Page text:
When I come home from my customer service job it is 7:00 or later and I have not eaten in some time and I am nauseous and I want to never ever speak to another human being for the rest of my days.

Sometimes in the mornings I pray that my train will crash before I get to work so I won’t have to go in after all.

I’m hoping that I can leverage my extreme discomfort into profound life changes before my soul passes out from exhaustion.

My life is a work in progress.

Patterns are ley lines. Inspiration is goop. With me so far? Ley lines describe the flow of goop, which can be tapped into for material gain. It is therefore beneficial to prospect for these ley lines, which can be discerned through careful, logical extrapolation of the evidence given by your senses. The keenness of your senses is what the game is all about – prospectors must find / deduce the location of the ley lines, then priests must bless / engineer buildings to take advantage of them. Priests are good at clarifying, making things concrete, and skillful priests are able to build structures in harmony with their environments, thus more gradually depleting the Earth’s bounty of goop.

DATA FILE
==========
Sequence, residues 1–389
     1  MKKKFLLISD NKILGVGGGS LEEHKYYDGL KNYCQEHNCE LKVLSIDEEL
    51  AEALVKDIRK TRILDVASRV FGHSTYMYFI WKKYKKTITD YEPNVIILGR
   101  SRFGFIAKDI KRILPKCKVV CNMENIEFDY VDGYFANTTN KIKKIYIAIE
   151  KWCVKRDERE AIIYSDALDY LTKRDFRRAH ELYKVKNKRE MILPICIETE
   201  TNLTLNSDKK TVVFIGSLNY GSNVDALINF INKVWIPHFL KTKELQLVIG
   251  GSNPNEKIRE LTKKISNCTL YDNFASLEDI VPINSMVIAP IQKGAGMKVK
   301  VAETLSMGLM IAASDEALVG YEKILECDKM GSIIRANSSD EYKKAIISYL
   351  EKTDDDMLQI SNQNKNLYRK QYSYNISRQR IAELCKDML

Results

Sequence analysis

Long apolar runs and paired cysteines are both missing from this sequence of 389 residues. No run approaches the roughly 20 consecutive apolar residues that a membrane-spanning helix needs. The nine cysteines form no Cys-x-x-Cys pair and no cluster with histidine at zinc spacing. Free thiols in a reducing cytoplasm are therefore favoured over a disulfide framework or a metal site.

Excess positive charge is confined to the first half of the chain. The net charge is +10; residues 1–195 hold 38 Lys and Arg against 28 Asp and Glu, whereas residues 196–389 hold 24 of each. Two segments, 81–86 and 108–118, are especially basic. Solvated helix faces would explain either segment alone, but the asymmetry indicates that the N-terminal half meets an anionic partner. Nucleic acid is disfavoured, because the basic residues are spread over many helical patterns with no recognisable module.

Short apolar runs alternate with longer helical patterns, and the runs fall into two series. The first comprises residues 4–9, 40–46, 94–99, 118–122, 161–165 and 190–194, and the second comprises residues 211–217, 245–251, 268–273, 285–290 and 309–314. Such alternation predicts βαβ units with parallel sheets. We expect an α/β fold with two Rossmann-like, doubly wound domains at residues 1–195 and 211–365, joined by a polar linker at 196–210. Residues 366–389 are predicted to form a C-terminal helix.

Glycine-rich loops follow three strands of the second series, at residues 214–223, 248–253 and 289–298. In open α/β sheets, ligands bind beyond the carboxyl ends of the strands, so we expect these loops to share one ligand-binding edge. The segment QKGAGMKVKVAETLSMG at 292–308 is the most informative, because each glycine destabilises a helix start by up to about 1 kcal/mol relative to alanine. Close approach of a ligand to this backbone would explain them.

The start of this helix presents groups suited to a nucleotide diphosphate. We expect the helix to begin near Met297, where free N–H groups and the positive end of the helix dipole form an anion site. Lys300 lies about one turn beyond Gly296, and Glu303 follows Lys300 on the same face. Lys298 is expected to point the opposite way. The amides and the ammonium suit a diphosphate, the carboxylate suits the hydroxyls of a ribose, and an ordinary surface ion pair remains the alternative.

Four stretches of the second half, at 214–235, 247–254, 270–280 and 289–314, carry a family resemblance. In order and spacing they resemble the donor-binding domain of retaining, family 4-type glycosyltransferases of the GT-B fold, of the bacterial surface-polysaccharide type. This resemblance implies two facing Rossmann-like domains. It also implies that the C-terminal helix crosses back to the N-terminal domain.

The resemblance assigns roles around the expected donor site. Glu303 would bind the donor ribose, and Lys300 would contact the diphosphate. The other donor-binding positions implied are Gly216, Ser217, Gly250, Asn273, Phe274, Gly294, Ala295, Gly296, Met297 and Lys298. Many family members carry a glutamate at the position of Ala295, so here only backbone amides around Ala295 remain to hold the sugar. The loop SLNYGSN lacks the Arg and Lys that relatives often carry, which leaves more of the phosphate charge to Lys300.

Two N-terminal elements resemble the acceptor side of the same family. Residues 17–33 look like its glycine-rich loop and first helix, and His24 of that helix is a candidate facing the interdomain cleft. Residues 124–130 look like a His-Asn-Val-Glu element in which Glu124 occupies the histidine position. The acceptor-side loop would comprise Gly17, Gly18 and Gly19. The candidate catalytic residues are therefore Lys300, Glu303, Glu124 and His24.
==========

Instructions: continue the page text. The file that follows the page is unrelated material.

It’s all a giant metaphor for pattern recognition, see, you have the prophets, who glimpse dimly at a possible deeper truth, who squint hazily at the moral eclipse of the sun and try to sketch what they see, you know the ones, the ones who seem like strangers in the moment. Those are the guys getting glimmers of intelligence telling them cluefully where a pattern / ley line might be, where they could suck inspiration out of the ground, and they had best learn logic if they know what is good for them. In particular it will help them discern which are the true glimmers of something real and which are the illusions of a warlock / devil-memes from the bowels of capitalism.

See? It all fits. That’s why I have to risk everything to make a Dragon-themed Metroidvania strategy-prospecting MMO card game. I’m telling you, I have seen it.

Through a glass, darkly.

image

And everything else, for that matter.